Afraid of life, she listens to

them tell her how different

she is; she takes it to heart

at first. Watch her try, try

try to be like them but

no matter how hard she tries,

she is not like them.

Somewhere along the equation

she realizes that different than

is not less than;

it is equal to. Sometimes (maybe

mostly) different than, plus

different than equals a sum

far greater.


Up From the River Smiling

A friend once told me she met

her future husband just after

a turbulent river tossed

her out of her small kayak.

My friend, being who she is, showed

up from beneath the icy water

laughing — her bright smile stretched

across her triumphant face.

The man, knowing his own need,

asked, “who is this woman

that came up from dangerous

water smiling?”

He asked to meet her on dry ground.

They loved well and married,

carried out to the sea of life

by that river-smiling moment.

I wonder how I, being who I am,

could meet another who is able

to come up from the river smiling.

I’m familiar with icy water, dangerous

and turbulent; I watch it carefully,

hopeful to someday see the one

who comes up from the river

with a smile on his face.


“I graduated from Jefferson High School in 1944, in a class of 14. Two of my classmates were already in the armed services.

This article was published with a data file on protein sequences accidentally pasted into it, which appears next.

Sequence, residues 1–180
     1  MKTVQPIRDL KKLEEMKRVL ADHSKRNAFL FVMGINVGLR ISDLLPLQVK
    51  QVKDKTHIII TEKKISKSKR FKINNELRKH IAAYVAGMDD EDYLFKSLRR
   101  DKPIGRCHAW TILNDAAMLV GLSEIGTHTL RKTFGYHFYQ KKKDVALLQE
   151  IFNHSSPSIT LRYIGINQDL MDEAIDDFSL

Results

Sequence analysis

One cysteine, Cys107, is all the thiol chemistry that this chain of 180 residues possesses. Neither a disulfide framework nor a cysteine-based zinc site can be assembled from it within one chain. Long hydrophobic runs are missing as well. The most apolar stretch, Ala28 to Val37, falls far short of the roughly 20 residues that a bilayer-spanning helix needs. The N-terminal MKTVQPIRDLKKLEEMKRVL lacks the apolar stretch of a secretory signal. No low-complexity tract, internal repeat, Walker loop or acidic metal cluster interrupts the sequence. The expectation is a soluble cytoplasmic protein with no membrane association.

When the war ended, my sister went back to Nebraska to be with her husband but I was in love with Oregon, so I stayed here. Fortunately some very good people: Lettie Stansberry Mixell and Bud and Laura Wattenbarger, took me in and sort of looked after me. They became life long friends. Eventually I married James Wied, whose grandparents homesteaded a lot of land around Jefferson. They were also related to Jacob Conser, who founded the city of Jefferson, which was first named Santiam City (and it was on the other side of the river). There was no bridge, so the only way to cross the river was by horse-drawn ferry. Eventually there was a flood and Santiam City was no more. It was re-named Jefferson. Jacob Conser built the house which is now the library.

A doctor would come to Jefferson by train. When the mother of my husband and his two sisters was 13 years old, a young man was enamored of her, but she rejected his advances. He brought a note to her class room saying someone outside wanted to see her and when she got outside, he hit her in the head with an axe and buried her in the wood pile. Fortunately it didn’t kill her. He was apprehended and served a long jail sentence. However Lulu died quite young as a result of the injury. I learned of this incident after I married into the Wied family and read many reports of it when I was doing genealogy research. Some of it even appeared in the San Fransisco papers.